For enterprise applications HP-UX has truely reached the level of a fully functional data center operating system that can run any application vital to the operation of a business.
I crafted this book in such as a way that the major HP-UX topics are covered in such a way to help you get up-and-running quickly using some of of HP-UX's advanced features such as partitioning.
The book starts out with extensive coverage of booting HP Integrity and HP 9000 servers. Much of the firmware related to booting differs on these two server families so I cover booting these systems in detail in Chapters 1 and 2 for Integrity and HP 9000 respectively. The Extensible Firmware Interface (EFI) is an important part of booting HP Integrity servers, which can run different operating systems in different partitions, so I spend a significant amount of time covering this topic in Chapter 1.
There are many new functions in HP-UX 11i version 2 that have been introduced and have become mainstream since the previous revision of this book was introduced. Most HP-UX installations now make liberal use of Virtual Partitions (vPars) and hard partitions (called Node Partitions or nPartitions). I cover these technologies extensively in the book since this is currently the most sought after topic related to HP-UX. Many other topics are covered in additional chaptersas you would expect in one of my HP-UX system adminstration books.
I hope you enjoy reading the book and learning the material as much as I did writing it.
There are many Web sites that can assist you in your HP-UX system administration endeavors. I have listed some of the more prominent HP-UX-related Web sites below as they existed at the time of this writing:
HP Developer and Solution Partner Portal (DSPP). This is a web site that has a lot of good software developer information and tools such as the Software Transition Kit (STK). You can download the STK to test your application when moving from one revision of HP-UX to another.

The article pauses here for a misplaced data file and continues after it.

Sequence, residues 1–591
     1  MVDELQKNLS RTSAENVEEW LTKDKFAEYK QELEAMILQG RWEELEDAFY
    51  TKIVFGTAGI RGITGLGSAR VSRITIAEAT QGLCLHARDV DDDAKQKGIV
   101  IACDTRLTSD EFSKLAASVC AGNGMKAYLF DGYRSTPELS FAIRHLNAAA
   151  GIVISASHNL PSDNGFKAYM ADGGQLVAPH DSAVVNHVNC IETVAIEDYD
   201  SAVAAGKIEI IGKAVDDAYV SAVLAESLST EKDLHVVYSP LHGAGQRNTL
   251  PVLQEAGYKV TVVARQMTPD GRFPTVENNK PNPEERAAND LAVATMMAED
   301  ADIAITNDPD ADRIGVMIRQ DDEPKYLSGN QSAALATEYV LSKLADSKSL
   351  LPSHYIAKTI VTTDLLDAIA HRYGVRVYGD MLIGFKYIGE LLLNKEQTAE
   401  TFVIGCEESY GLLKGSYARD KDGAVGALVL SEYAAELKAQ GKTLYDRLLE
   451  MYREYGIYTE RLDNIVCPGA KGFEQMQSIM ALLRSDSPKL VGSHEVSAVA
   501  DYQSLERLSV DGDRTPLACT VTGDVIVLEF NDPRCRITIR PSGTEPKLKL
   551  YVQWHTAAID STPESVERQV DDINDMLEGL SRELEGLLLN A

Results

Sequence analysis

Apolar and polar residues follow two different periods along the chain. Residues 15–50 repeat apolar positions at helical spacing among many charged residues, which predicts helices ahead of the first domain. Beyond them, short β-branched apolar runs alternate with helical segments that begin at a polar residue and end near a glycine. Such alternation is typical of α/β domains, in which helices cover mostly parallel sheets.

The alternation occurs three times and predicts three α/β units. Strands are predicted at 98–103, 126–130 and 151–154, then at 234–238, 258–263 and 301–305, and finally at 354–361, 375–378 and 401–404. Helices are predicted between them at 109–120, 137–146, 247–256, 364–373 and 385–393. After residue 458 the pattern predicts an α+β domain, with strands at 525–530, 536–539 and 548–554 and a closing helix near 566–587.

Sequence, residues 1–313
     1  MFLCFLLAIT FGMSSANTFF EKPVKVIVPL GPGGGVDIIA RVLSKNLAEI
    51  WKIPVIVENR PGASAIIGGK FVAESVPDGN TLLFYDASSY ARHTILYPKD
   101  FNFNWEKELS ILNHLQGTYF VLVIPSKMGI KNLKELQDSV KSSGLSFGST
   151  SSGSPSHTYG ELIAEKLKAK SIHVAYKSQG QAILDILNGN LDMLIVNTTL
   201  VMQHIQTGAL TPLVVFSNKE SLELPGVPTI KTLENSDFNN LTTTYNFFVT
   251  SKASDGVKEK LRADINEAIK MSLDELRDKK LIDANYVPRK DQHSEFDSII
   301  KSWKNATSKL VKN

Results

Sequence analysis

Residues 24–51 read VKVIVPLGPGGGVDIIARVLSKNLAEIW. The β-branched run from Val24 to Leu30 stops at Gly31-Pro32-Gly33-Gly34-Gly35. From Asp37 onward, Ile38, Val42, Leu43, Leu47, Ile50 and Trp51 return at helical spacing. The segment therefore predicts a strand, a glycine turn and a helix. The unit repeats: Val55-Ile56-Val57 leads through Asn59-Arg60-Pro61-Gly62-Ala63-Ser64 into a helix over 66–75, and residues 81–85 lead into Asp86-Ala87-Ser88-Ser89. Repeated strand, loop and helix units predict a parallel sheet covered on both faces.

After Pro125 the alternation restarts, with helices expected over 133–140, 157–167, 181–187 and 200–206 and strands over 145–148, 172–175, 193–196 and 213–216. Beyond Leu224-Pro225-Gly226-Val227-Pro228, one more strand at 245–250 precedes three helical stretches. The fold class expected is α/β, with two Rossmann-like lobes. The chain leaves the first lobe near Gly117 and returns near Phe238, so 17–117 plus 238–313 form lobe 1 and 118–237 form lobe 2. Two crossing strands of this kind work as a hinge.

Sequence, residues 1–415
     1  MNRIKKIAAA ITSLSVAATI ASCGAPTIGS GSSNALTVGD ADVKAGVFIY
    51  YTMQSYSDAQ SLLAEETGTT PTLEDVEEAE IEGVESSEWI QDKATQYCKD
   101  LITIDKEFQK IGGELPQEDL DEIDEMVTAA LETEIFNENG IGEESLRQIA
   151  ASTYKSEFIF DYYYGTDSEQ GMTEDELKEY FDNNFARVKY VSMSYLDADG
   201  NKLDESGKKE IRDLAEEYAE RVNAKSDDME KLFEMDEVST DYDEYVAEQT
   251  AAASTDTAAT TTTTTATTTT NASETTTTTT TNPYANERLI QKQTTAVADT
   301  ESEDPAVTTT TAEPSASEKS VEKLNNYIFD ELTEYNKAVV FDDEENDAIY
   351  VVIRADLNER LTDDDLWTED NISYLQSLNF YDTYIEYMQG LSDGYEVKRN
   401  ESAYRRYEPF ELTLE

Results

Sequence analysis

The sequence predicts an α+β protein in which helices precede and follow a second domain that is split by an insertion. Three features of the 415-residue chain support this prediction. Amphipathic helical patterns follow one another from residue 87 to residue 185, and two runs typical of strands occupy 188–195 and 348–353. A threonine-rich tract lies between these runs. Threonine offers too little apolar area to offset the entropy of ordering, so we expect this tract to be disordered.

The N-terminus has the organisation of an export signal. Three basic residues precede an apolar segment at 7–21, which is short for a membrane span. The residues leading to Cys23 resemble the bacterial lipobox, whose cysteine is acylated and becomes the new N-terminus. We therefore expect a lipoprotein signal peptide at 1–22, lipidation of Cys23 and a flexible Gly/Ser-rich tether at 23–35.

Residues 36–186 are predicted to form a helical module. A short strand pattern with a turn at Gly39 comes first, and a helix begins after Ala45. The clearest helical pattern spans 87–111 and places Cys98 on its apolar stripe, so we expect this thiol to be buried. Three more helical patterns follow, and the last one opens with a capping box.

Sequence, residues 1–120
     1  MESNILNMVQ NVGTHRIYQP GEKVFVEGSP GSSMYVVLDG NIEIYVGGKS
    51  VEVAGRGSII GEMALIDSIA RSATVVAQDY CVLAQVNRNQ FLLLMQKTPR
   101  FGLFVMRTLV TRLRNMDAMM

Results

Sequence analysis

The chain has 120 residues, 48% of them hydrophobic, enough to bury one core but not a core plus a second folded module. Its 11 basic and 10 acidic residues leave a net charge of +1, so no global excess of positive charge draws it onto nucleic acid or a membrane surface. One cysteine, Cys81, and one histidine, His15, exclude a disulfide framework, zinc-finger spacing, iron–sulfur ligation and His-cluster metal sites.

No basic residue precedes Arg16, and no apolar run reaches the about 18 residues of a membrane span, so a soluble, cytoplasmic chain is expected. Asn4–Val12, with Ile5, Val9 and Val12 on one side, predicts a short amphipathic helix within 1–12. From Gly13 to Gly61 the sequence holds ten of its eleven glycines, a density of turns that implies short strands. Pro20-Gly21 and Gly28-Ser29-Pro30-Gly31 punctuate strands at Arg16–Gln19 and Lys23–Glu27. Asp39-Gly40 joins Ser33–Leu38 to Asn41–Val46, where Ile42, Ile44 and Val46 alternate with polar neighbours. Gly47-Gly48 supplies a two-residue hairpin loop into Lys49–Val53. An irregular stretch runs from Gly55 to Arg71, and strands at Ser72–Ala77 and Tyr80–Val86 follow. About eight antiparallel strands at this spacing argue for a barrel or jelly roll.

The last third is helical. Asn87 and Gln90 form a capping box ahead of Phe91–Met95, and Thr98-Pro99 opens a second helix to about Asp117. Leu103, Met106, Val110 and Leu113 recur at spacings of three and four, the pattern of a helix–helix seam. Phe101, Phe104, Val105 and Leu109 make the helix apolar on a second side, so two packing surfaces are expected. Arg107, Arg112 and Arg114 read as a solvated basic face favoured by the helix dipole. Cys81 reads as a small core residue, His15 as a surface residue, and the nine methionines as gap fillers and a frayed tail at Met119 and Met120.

The Extended Firmware Interface (EFI). This is firmware on Itaniumbased systems that sits between the operating system and platform firmware:
IT Resource Center (ITRC) has valuable hardware, software, network, and other kinds of information for HP system administrators:
Technical documentation, including most all HP-UX documents:
Software depot home page for HP:
HP Education Web Site
vPar product information:
Instant Capacity on Demand (iCOD):
The International Association of HP Computing Professionals:
Information on Intel's Itanium Processor:
Register name servers at:
Excellent unsupported system administration scripts at:
Ximian GNOME on HP-UX:
Information on Perl, including sites to download Perl:
The Perl Journal:
Information about the GNOME desktop environment:
Public-domain software that has been ported to HP-UX:
Site devoted to managing and promoting open source:
Linux documentation site:
There were too many people involved in helping me with this book to list each and every one. I have, therefore, decided to formally thank those who wrote sections of the book and those who took time to review it. I'm still not sure whether it takes more time to write something or review something that has been written to ensure that it is correct.
Marty has been a Solution Architect with Hewlett-Packard Company for eighteen years in the New York area. He has worked with hundreds of Hewlett Packard customers in many industries, including media and entertainmet, consulting, Internet startups, financial services, and manufacturing.
Marty has been widely published in computer industry trade publications. He has published over 50 articles on various computer-related topics. In addition to this book, he is the author of thirteen other Prentice Hall books: Marty holds an M.S. in Information Systems from Polytechnic University (Brooklyn, NY), an M.S. in Management Engineering from the University of Bridgeport (Bridgeport, CT), and a B.S. in Electrical Engineering from Roger Williams University (Bristol, RI).
Martin Whittaker is the Director of System Software Engineering in the Enterprise Unix Division (EUD) of Hewlett-Packard. Martin is responsible for the core kernel, commands and libraries in the HP-UX operating system and for HP-UX performance & scalability, Linux affinity, and ISV enablement.
Martin has been with Hewlett-Packard for over twenty years in a variety of senior technical and management positions in areas including mass storage, Itanium architecture, x86 server performance, I/O systems, the 5Nines:5Minutes high availability program, and operating systems.
He holds a Bachelor's degree in Electrical and Electronic Engineering from the University of Nottingham in England and a Master's degree in Microprocessor Engineering and Digital Electronics from the University of Manchester Institute of Science and Technology in England.